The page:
“I’ve been posting little by little, but I’m slowly getting used to it and understanding how the app works,” she said. She posts around once a week, sharing watermark-free TikTok videos she screen-records in draft mode to both Lemon8 and Instagram’s Reels.
Other beauty influencers on the app include skinfluencer Glow with Ava (1.7 million TikTok followers), nailfluencer Bre Sheppard (675,000 Instagram followers), lifestyle influencer Jasmine Nguyen (773,000 TikTok followers) and makeup artist Jaleesa Jaikaran (101,000 TikTok followers).
While most influencers have less than 1,000 — and more often less than 100 — followers on the app, some are seeing more. Anna Sitar, who has 12 million followers on TikTok, now has over 21,000 on Lemon8.
“I found it on TikTok because, for a weekend [or so], a lot of people were talking about how they’re creating Lemon8 accounts,” said Fiona Chan, founder and CEO of beauty brand Youthforia. “Everyone’s kind of testing the waters.”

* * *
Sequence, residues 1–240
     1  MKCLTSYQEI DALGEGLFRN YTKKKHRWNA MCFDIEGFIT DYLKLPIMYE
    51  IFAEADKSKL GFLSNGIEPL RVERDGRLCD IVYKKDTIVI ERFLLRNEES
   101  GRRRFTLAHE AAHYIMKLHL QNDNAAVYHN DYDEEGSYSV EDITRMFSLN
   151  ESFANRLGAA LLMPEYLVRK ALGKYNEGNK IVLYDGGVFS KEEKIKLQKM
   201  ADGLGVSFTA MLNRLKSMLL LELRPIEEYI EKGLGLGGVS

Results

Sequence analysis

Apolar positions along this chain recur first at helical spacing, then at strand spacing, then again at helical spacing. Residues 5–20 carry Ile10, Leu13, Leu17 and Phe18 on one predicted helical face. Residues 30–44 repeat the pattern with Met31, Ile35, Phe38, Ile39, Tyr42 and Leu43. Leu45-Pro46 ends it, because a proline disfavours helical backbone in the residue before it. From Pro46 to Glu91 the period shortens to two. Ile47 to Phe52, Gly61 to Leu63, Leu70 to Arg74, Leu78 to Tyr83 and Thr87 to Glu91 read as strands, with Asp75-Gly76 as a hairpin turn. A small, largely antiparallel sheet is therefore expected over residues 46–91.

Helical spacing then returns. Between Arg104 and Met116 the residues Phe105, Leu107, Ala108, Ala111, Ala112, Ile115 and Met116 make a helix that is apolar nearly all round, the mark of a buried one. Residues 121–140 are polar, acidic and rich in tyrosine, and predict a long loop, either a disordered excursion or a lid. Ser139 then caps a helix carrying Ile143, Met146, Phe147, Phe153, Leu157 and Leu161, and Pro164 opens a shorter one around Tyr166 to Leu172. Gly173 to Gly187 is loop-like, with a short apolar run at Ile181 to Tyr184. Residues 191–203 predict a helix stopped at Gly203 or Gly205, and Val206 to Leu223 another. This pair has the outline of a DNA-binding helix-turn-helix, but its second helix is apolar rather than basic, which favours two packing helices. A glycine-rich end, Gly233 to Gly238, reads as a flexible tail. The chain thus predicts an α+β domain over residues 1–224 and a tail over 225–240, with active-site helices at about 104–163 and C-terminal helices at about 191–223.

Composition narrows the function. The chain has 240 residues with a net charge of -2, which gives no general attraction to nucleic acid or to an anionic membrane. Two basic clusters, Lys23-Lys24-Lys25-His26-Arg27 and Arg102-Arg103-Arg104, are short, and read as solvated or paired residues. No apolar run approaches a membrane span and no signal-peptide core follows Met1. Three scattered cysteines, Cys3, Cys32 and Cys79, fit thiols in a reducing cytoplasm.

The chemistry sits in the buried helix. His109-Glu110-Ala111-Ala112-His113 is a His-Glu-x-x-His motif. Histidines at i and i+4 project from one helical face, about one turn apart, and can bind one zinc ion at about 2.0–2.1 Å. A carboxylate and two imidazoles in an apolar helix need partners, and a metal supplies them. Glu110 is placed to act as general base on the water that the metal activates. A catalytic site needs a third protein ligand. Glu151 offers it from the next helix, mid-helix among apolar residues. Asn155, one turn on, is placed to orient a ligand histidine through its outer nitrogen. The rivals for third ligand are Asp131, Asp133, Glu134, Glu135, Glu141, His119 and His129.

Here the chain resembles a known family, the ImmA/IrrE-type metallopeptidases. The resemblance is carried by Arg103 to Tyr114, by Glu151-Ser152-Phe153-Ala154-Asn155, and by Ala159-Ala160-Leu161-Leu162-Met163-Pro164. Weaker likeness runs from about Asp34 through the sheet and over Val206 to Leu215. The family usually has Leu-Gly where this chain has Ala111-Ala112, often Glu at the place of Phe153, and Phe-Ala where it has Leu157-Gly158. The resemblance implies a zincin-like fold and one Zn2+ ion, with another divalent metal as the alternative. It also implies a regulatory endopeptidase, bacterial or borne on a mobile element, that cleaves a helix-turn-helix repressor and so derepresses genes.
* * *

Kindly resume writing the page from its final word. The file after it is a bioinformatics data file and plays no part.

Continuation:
Lemon8’s cachet of ByteDance ownership has been capturing the attention of influencers and brands. While Sack said that previous buzzy apps like Clubhouse and BeReal were “not for us,” she became interested in Lemon8 because of its parent company. “It was like an instant, ‘Let’s log on,’” she said. “Anything that TikTok has done has been great, and we really want to participate.”
In March this year as a congressional hearing worried influencers about a potential nationwide TikTok ban, Lemon8 hit the top 10 in the iOS App Store for the U.S. Currently, it ranks No. 46 for lifestyle. Since then, Montana’s governor signed a statewide law banning TikTok, prompting a lawsuit by TikTok calling the ban unconstitutional. Because of the fact that Lemon8 is owned by TikTok’s parent company, it could face similar issues in the future.